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582 10 2013 , 29 2014 . 785

University news
Royal terror in Byzantium

On March 24, 2018, a lecture took place in the Conciliar Chamber of Saint Tikhons Orthodox University of the Humanities on Byzantium: What was Royal Terror? It was the fifth lecture in the series Medieval Studies in the Conciliar Chamber, organized by Saint Tikhons University together with the Department of History of the Higher School of Economics (HSE), and it was given by Professor Sergei Arkadievich Ivanov of HSE.

The lecture discussed the nature of terror felt by Byzantines in the face of their emperors. Sergei Ivanov gave a brief account of cases when this terror was felt by people who had real grounds to fear for their lives. He also spent time discussing those contexts where an excessive, unfounded fearfulness on the part of courtiers is condemned.

However, the speaker paid the most attention to the emotion called royal terror (phobos vasileikos) by the Byzantines, which in actual fact was a kind of reverence mixed with elation and fear in the face of their ruler. It is felt by a subject of the emperor who has no reason to be afraid of imperial power. Such feelings have a religious character and their origins can be traced back to the despots of the near east. The lecturer adduced examples of subjects relating to their rulers in this way in the Hellenistic era and in imperial Rome.

Many approving references to this emotion in Byzantine sources were cited. Royal terror was thought to be beneficial. It would seem that nothing else could be expected from an absolute monarchy that appropriated religious emotions for its own use. The concept of the fear of God, the most beneficial type of fear, was transferred onto the ruler. The fear of God and the fear of the emperor was a common trope for Byzantine authors.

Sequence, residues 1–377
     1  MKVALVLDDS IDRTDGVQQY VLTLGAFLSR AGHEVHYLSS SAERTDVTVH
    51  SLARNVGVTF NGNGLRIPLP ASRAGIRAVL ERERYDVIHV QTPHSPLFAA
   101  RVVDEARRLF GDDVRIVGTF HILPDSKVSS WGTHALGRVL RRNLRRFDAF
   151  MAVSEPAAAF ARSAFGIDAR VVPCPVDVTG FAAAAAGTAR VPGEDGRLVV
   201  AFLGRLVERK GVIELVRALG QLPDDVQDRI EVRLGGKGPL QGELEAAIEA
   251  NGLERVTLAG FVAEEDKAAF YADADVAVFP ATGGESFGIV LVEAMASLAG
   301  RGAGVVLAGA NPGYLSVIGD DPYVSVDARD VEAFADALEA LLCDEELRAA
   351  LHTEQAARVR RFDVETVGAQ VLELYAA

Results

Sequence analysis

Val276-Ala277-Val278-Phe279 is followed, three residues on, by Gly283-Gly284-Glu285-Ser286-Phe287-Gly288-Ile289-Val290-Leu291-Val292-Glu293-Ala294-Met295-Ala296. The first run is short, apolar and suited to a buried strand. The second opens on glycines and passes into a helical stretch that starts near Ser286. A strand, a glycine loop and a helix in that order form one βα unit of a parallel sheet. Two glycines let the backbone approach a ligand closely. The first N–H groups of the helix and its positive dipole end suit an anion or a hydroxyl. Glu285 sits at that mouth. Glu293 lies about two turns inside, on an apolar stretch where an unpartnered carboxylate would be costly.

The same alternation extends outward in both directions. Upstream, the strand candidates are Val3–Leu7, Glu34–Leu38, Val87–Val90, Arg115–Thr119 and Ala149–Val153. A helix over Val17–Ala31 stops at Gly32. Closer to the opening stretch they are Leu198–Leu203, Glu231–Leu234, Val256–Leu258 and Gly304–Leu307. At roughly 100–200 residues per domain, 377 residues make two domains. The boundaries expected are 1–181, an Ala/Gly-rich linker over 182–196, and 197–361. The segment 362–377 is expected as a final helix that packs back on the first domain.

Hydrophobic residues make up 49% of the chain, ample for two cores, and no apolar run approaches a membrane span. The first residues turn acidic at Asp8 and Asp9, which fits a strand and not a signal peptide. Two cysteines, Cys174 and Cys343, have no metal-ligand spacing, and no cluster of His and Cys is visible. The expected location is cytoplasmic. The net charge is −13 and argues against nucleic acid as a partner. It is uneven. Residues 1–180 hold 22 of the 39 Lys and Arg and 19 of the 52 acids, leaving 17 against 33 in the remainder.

One superlative manifestation of such an atmosphere of reverential terror is provided by the golden lions which stood on both sides of the Imperial throne in Magnaura Palace and were intended to give rise to a type of fear not at all associated with an idea of individual guilt. The Byzantines considered that the only safe social environment is one in which everyone felt fear. However, our a priori assumption that this was the Byzantines default stance towards authority is undermined by instances in which we see this reverentiality being mocked.

Michael Psellus was one of the paradigmatic favourites of the Constantinopolitan court of the 9th century. However, in his works, one encounters satirical descriptions of how those at the court showed fear before the emperor in improper situations where such fear was not required. Such irony was shown by another writer, John Mauropos, as well. The reverse side of court psychology was depicted most vividly of all by Nicetas Choniates (12th-13th centuries). He was himself a courtier, and his History gives an account of how the grandees of the empire would joke amongst themselves at the expense the emperors. These witticisms were made freely and during the most solemn ceremonies.

Royal terror was an extremely complex, multi-layered phenomenon. On one level, the emperor could be almost like God, but on another, he could be the worst of all people. It is this complexity that makes the culture of the Eastern Roman Empire so interesting, Sergei Ivanov said at the end of his lecture.

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